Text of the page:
Nancy Moser has chosen to write Mozart’s Sister in the first person and I often felt as if I was sitting and talking with Nannerl as opposed to simply reading about her life. Nancy is very clear in the book that she has attempted to use fact wherever possible but where there were blank spots she took some liberty to fill that portion in while trying to think as Nannerl would. I believe she has captured the essence of this young woman who for most of her life felt she lived in the background and was virtually unseen. However, in the end, Nannerl does realize she made a difference - one that only she could make.
I love historical books along this vein. ... when you take history in the vein of a person’s perspective, it comes to life and teaches. I found her historical references to be right on the mark and while this is so, I also found the words to be full of life. The emotions expressed in this remarkable story were real and could be felt by the reader just as if they were walking alongside Nannerl.
...As with other historical novels that I’ve read it was fascinating to get a view of what life was like back then. The author didn’t pull any punches. She included facts that were hard to read, including the death of so many children. Women had many babies at that time but so many didn’t make it until their first birthday.
Nannerl was a complicated person. She was blessed with so many gifts. It was really a pleasure getting to know her. She had a long life but as she looked back on it shortly before her death, she could see how the Lord had been working the whole way through. She had expected her life to go in a much different direction, but admitted that the Lord did indeed know what He was doing and could see His Hand in everything and totally accepted His Will.
I would highly recommend this book.
...the seamless tale Moser tells and the compelling characters she sustains, even when blending fact with fiction, is a credit to her storytelling skill and ability to get inside the heads of her characters.
Realistic to the point of feeling as if I was almost living with the family, Mozart's Sister highlights the life of Baroness Maria Anna Walburga Ignatia Berchtold zu Sonnenburg who preferred to be known simply as Nannerl Mozart. Written entirely in first person style from Nannerl’s point of view, Mozart's Sister is a fascinating story that takes readers on a behind-the-scenes journey into the life of the Mozart family. An emotionally-charged read, this inspiring historical novel will be sure to please, especially the music lovers in the audience.
Every fan of classical music will find this book enlightening, a wonderful collection to their library. Mozart's Sister is a heart-warming story of triumph through broken dreams, which will captivate the heart of even the most musically illiterate. This one is a treasure.
In the shadow of her famous sibling, Wolfgang Amadeus Mozart, older sister Nannerl was perhaps no less talented but devoid of the opportunities of the time because of her sex and a controlling parent. At least this is the argument presented in this historical novel by Moser, author of numerous inspirational novels, including the Sister Circle series. As told by Nannerl in the first person, a demanding father channels his love and energies into his young son. Although Nannerl performs, her father denies her a chance at fame-and perhaps more important, the lion's share of his attention and love. He relentlessly tours Europe with his children, lying about their ages to make them seem like younger prodigies and exploiting them for large sums of money. Nannerl adores her father, but as she ages from a young adolescent into a woman, she seems numbingly resigned to a life of disappointment and frustration. As she moves into adulthood, more unhappy events occur, which are not quite satisfactorily developed in the novel's latter half. Moser's writing is smooth, and there are some fascinating historical details, but the story loses steam toward the end. That Nannerl's sad life is portrayed as the will of God will be difficult for many readers to accept. (Sept.) Copyright 2006 Reed Business Information.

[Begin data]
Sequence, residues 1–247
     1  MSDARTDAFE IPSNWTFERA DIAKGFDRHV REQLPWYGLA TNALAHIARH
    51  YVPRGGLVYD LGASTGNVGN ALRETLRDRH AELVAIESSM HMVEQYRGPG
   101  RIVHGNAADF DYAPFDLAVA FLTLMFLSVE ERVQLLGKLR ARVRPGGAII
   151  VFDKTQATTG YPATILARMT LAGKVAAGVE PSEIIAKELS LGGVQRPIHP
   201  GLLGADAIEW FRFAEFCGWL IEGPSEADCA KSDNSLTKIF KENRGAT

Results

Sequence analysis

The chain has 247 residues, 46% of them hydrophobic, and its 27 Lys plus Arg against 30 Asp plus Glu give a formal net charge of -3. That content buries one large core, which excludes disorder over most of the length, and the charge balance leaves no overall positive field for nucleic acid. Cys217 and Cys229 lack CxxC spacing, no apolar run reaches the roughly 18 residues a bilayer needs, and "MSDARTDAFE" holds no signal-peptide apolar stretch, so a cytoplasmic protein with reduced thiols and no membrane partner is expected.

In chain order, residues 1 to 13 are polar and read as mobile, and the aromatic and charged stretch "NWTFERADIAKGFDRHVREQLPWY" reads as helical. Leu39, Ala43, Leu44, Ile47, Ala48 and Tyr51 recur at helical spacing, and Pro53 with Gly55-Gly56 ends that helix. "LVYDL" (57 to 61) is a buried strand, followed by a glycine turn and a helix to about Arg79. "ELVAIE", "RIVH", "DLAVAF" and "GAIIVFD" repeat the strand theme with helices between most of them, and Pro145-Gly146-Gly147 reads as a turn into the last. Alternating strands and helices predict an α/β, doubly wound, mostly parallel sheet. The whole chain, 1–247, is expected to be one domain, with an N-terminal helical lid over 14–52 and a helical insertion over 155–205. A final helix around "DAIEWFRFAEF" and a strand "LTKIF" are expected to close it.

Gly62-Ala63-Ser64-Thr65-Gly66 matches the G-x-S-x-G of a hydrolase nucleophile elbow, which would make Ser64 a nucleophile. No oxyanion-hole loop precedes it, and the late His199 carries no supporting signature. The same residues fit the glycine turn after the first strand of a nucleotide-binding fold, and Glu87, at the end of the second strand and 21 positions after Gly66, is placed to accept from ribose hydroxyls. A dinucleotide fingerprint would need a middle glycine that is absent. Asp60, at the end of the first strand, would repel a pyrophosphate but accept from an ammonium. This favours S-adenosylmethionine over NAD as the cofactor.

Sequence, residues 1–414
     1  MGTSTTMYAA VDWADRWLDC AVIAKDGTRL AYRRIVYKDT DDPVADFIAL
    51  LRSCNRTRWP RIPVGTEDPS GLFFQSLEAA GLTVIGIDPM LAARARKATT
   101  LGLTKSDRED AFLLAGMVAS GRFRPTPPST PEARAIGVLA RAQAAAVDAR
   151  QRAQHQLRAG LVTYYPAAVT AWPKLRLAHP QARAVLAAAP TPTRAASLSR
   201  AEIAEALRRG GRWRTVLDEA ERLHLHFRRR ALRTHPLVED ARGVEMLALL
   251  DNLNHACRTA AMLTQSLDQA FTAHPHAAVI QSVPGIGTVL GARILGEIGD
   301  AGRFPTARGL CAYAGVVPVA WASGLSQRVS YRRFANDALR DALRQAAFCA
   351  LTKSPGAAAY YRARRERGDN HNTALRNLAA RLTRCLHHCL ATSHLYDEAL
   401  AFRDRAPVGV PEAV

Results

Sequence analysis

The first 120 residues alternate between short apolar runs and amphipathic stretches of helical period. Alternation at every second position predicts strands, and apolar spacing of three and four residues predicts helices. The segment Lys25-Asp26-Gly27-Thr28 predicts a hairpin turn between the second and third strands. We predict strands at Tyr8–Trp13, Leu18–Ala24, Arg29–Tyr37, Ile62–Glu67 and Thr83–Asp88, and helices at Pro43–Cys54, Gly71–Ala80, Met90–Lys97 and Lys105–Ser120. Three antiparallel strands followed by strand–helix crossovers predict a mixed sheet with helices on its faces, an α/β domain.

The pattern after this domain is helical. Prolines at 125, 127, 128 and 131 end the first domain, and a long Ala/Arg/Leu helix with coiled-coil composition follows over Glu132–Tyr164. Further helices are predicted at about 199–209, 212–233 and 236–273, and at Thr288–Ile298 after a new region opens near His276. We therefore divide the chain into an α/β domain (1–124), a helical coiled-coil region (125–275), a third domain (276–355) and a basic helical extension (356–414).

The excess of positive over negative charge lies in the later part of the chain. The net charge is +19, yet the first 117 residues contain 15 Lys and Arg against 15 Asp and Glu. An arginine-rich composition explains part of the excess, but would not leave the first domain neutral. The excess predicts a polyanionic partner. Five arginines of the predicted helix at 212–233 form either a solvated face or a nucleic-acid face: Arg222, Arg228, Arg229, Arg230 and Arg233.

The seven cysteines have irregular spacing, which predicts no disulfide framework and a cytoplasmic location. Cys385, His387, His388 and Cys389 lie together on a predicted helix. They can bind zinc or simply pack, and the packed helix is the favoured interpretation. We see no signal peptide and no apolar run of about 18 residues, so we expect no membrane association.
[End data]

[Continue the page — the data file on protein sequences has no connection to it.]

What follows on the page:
As the story of a woman cheated of the opportunities enjoyed by her brother, Mozart's Sister, narrated by Nannerl, could have made for depressing reading. Instead, it's a moving story of a woman who must cope with often difficult circumstances while doing her best to build a satisfactory life for herself. (Susan Higginbotham, Historical Novels Review)
In the shadow of her famous sibling, Wolfgang Amadeus Mozart, older sister Nannerl was perhaps no less talented but devoid of the opportunities of the time because of her sex and a controlling parent. At least this is the argument presented in this historical novel by Moser, author of numerous inspirational novels, including the Sister Circle series. As told by Nannerl in the first person, a demanding father channels his love and energies into his young son. Although Nannerl performs, her father